Oligarchs In Talks On £17bn TNK-BP Sale
The Russian-based businessmen whose joint venture with BP has been plagued by years of in-fighting have agreed an outline deal to sell their stake to the state-owned oil giant Rosneft for about $28bn (£17.3bn), I have learned.
AAR, a consortium of four oligarchs (Len Blavatnik, Mikhail Fridman, German Khan and Viktor Vekselberg), owns 50% of TNK-BP. They are understood to have signed an outline agreement with Rosneft in Moscow last night.
The oligarchs' decision - which is not final, and could be reversed - potentially offers BP a significant boost as it tries to extricate itself from its conflict-ridden but lucrative alliance with AAR.
As well as ensuring a final separation from their fractious partners, a deal valued at $28bn would be higher than many analysts' estimates and would represent a significant financial boost to BP if it too could agree such a lucrative sale to Rosneft.
People close to BP said any deal between AAR and Rosneft would not affect BP's decision to sell its stake in the joint venture.
As Sky News revealed last month, BP is keen to sell its TNK-BP shareholding to Rosneft in a cash-and-shares deal that would give it a sizeable stake in the Russian state-owned oil giant.
The oligarchs' deal with Rosneft is understood to be subject to regulatory and other approvals, but the financing for Rosneft to acquire the stake is already believed to have been lined up from a syndicate of international banks.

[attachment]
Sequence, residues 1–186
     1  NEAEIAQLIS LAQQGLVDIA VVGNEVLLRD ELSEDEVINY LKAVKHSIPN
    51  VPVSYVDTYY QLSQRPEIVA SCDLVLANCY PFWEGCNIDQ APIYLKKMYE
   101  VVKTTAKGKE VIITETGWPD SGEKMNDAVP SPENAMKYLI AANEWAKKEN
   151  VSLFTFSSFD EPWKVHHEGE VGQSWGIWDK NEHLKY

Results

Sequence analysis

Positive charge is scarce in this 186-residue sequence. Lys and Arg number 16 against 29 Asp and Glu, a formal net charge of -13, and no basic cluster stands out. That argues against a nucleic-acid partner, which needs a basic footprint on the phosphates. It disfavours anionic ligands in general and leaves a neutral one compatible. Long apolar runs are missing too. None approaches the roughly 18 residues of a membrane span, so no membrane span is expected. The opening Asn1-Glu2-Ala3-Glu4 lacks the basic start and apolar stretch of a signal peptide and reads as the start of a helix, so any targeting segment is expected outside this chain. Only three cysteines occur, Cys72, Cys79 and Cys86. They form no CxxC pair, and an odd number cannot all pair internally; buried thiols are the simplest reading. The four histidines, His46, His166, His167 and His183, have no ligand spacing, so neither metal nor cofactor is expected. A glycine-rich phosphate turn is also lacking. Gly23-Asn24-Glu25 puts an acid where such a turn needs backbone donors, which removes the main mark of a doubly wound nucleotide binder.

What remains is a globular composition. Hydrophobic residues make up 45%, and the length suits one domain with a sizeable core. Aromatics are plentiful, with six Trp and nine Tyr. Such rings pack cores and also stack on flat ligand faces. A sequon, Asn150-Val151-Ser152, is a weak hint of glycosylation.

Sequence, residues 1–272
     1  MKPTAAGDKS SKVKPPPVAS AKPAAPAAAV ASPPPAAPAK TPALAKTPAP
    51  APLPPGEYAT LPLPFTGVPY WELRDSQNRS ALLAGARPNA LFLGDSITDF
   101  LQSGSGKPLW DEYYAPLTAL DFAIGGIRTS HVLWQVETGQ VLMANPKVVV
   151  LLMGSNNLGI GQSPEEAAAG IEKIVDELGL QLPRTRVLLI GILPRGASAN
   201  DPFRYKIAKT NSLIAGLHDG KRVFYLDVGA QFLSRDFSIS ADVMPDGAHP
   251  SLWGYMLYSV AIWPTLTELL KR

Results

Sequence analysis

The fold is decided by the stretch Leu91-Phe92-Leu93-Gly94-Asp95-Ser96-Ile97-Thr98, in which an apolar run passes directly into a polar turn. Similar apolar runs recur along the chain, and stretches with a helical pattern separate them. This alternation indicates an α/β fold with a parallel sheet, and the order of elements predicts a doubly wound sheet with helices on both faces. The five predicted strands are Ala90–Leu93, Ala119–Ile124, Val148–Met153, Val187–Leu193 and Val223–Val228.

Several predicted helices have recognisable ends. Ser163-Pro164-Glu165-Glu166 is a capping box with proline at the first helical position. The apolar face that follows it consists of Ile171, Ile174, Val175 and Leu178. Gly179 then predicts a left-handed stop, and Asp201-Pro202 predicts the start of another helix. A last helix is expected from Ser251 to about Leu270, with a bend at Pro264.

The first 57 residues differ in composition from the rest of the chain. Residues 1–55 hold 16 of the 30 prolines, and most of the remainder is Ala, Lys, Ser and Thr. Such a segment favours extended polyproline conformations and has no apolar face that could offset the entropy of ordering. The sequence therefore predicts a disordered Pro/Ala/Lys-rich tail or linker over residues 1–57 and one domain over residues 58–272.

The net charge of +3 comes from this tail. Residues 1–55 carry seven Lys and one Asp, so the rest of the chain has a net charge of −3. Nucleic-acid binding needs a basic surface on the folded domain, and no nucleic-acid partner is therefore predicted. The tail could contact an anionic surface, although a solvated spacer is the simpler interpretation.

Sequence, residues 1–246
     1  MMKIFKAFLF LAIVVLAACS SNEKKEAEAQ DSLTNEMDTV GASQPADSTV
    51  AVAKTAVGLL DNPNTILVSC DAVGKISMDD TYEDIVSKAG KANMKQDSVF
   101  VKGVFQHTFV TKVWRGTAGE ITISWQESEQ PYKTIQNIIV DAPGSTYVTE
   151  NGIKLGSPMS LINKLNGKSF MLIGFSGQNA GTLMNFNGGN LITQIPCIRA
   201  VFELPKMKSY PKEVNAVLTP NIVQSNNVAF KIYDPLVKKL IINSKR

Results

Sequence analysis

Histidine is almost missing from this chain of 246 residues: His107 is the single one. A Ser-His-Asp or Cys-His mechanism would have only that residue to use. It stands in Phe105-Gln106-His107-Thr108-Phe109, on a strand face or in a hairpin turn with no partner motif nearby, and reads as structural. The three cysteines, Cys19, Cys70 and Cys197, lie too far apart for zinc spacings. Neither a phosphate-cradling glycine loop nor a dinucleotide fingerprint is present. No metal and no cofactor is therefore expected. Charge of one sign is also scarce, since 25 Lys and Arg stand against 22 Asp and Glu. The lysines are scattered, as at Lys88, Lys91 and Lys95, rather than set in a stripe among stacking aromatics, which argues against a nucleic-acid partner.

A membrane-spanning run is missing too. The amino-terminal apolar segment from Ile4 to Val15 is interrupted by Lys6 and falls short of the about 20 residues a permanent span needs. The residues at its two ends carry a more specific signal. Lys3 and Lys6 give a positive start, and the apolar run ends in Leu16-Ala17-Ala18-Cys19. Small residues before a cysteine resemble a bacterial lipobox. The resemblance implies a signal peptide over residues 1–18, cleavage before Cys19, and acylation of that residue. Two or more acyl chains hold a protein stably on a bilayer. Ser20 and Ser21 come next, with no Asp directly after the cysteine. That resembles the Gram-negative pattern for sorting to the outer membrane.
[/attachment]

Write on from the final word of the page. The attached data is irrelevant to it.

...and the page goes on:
Vladimir Putin, the Russian President, has held talks with Bob Dudley, BP's chief executive, in recent weeks and given his blessing to Rosneft taking control of TNK-BP.
A number of complex hurdles remain before that happens, however.
Despite its agreement to sell its TNK-BP shares to Rosneft, AAR could still submit an offer for BP's stake in the joint venture before a 90-day 'good faith' negotiating period with the British company expires tonight.
Insiders said the oligarchs could table an offer for the BP stake to give themselves "optionality" if their deal with Rosneft fell through, although a source close to the process said he believed that that was now unlikely.
One source familiar with the agreement said that because it was not finalised, the oligarchs could choose to deny the existence of the deal struck in Moscow last night.
The complexity of the negotiations underlines the chess-like manner in which BP's future in Russia has been played out in recent months.
BP put its shareholding up for sale in June and according to the terms of its shareholder agreement with AAR, it could only agree a sale to the oligarchs before the 90-day period ended. A deadline for all parties - including Rosneft - to bid for the BP stake has been set at 9am on Thursday.
AAR and Rosneft were seen as likely to compete to buy the BP stake, only for AAR's shareholders to say last week that they too would be willing sellers, either to another party or through an initial public offering.
BP has 45 days from the date of that notification to respond to AAR, meaning that AAR cannot formally agree a deal with Rosneft before then without BP's consent. However, insiders say that that consent would be forthcoming from BP because of its desire to consummate a partnership with Rosneft.
The stakes are high for Mr Dudley, whose tenure at the helm of BP began in the wake of the Gulf of Mexico oil spill in 2010.
Since then, he has been subjected to increasingly intense questioning by City analysts about the provenance of BP's future growth, particularly after the company's previous share swap alliance with Rosneft was abandoned last year after legal objections from its oligarch partners.
AAR and BP declined to comment.